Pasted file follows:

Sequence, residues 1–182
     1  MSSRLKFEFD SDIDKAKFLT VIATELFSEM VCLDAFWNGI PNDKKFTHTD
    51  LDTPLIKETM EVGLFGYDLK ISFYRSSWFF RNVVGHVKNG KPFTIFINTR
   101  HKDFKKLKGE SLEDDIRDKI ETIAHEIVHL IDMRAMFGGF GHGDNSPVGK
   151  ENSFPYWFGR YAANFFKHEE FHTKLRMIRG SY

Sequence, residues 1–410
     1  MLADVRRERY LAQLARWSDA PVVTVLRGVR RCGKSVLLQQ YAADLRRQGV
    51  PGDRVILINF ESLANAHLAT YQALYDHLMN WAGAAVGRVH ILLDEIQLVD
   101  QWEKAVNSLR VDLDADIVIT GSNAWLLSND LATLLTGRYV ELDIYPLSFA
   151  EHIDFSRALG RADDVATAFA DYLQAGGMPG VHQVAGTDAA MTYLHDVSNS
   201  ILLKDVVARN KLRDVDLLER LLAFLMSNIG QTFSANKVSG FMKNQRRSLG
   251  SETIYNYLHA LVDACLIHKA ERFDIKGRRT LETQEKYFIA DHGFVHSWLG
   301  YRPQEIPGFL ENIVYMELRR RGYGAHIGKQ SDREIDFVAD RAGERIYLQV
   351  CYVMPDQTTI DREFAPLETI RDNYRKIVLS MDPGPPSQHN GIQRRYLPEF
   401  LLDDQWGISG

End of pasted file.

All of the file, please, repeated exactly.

Sequence, residues 1–182
     1  MSSRLKFEFD SDIDKAKFLT VIATELFSEM VCLDAFWNGI PNDKKFTHTD
    51  LDTPLIKETM EVGLFGYDLK ISFYRSSWFF RNVVGHVKNG KPFTIFINTR
   101  HKDFKKLKGE SLEDDIRDKI ETIAHEIVHL IDMRAMFGGF GHGDNSPVGK
   151  ENSFPYWFGR YAANFFKHEE FHTKLRMIRG SY

Sequence, residues 1–410
     1  MLADVRRERY LAQLARWSDA PVVTVLRGVR RCGKSVLLQQ YAADLRRQGV
    51  PGDRVILINF ESLANAHLAT YQALYDHLMN WAGAAVGRVH ILLDEIQLVD
   101  QWEKAVNSLR VDLDADIVIT GSNAWLLSND LATLLTGRYV ELDIYPLSFA
   151  EHIDFSRALG RADDVATAFA DYLQAGGMPG VHQVAGTDAA MTYLHDVSNS
   201  ILLKDVVARN KLRDVDLLER LLAFLMSNIG QTFSANKVSG FMKNQRRSLG
   251  SETIYNYLHA LVDACLIHKA ERFDIKGRRT LETQEKYFIA DHGFVHSWLG
   301  YRPQEIPGFL ENIVYMELRR RGYGAHIGKQ SDREIDFVAD RAGERIYLQV
   351  CYVMPDQTTI DREFAPLETI RDNYRKIVLS MDPGPPSQHN GIQRRYLPEF
   401  LLDDQWGISG